5. In the era of digitization of services and evolving customer journeys, what according to you the future holds for community banks and who according to you would be the winners?

Community banks must become niche payers. They must find market segments where they can outcompete big banks such as seniors, the disenfranchised and untraditional businesses.  The all-purpose community bank is going away. Big banks are getting better in providing personal service. The big four are already opening half the checking accounts in the US and they are the innovators in online convenience.

6. When we talk about making a niche space for Community Banks, what do you suggest the role of technology would be in this niche?

Technology can help bankers define their niche through customization.  Research can segregate customers by lifestyle and banking preferences, then technology can be used to deliver the type of service they want – personal, electronic, advisory, eg. like a college savings program.

Customers feel increasingly estranged from their bank so banks must strengthen their bond or risk losing them to competition.

Technology must evolve customer communications from one-size-fits-all to crafted communications that reflect a knowledge and familiarity with the customer.

The growth of online banking is flattening out. Growth will only come by educating the less sophisticated, the fearful or new prospects. Technology must rise to the occasion not just through better communications but by creating easier to use technology, technology that is hidden behind a friendly face or service.

7. With the increasing dominance of Fintech and the rise of big 4 tech giants in the financial services, what would be its impact on community banks?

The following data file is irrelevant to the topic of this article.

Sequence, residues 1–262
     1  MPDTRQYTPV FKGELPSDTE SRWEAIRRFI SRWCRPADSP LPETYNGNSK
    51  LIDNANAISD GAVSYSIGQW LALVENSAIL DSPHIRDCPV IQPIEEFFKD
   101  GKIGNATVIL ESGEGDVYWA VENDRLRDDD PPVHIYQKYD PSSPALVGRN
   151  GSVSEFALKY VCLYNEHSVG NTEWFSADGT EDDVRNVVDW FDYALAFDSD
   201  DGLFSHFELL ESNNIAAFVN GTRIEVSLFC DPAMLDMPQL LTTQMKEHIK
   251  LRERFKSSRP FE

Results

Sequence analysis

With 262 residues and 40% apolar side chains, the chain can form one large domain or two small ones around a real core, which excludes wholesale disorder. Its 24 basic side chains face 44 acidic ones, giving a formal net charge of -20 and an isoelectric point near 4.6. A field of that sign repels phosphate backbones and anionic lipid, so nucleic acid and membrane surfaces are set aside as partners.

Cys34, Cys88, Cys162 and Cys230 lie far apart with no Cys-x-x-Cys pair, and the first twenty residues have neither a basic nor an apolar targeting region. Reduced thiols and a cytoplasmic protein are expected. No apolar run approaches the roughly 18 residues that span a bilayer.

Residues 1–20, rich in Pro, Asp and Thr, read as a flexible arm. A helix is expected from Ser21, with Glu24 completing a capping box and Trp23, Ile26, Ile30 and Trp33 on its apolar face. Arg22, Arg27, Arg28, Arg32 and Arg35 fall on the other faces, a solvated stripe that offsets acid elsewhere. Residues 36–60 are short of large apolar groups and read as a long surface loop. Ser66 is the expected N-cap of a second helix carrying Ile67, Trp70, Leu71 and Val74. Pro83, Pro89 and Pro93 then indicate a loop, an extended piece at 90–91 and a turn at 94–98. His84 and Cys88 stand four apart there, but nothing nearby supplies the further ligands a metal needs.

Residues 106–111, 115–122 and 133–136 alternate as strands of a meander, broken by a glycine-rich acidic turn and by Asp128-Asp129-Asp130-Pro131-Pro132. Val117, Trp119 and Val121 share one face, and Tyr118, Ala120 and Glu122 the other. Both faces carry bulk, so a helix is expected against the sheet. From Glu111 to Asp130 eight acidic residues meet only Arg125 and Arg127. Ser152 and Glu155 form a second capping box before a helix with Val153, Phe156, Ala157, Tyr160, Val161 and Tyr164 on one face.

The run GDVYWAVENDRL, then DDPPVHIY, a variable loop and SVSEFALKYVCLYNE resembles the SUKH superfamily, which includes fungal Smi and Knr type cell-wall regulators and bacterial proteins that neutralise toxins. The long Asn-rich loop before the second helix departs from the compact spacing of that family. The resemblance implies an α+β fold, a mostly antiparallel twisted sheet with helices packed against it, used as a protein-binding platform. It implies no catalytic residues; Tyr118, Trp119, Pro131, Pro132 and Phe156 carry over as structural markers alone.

Big banks will take over mainstream online banking.   They have the money to fund and purchase promising fintechs.  To survive, small banks must focus on the less tech-savvy crowd such as the intimidated; those without email or those with security fears. Community banks should look for ways to support and educate the reticent; they shouldn’t try to be at the cutting edge because they can’t get those customers anyway.

8. What are some of the key areas where community banks should pay more attention to empower and strengthen the existing deep relationships?

Community banks think their unique advantage is customer service but that’s no longer the case.  Big banks have improved their game significantly in their last five years. Small banks need to strengthen relationships by anticipating consumer needs, analyzing past transactions and offering new customized services.

It’s a matter of examining processes and streamlining operations. Consumer expectation of excellent service has been heightened by Amazon, Apple etc. and banking must overhaul their consumer interactions.

In these changing times, Kevin calls for a robust community outreach program to acquire new customers and counter the loss in lobby traffic. It’s important for Community Banks to create those niche areas in deepening relationships with their customers to outcompete the big banks while playing to their strengths. This can only happen when they optimize a data-driven strategy for successful personalized offerings with their target audience.

We thank Kevin for his valuable inputs and hoping Community Banks can take a leaf out of Kevin’s page for successful customer engagements!

Kevin Tynan

Kevin is an experienced marketing professional with expertise in banking, higher education, politics, nonprofit and PR. Kevin has helped community banks develop and execute high-concept marketing strategies for more than 30 years. He's a frequent contributor to the American Banker, The Financial Brand and other publications. His innovative marketing programs have been covered by The Wall Street Journal, The New York Times, USA Today, NBC Nightly News and Asia Today.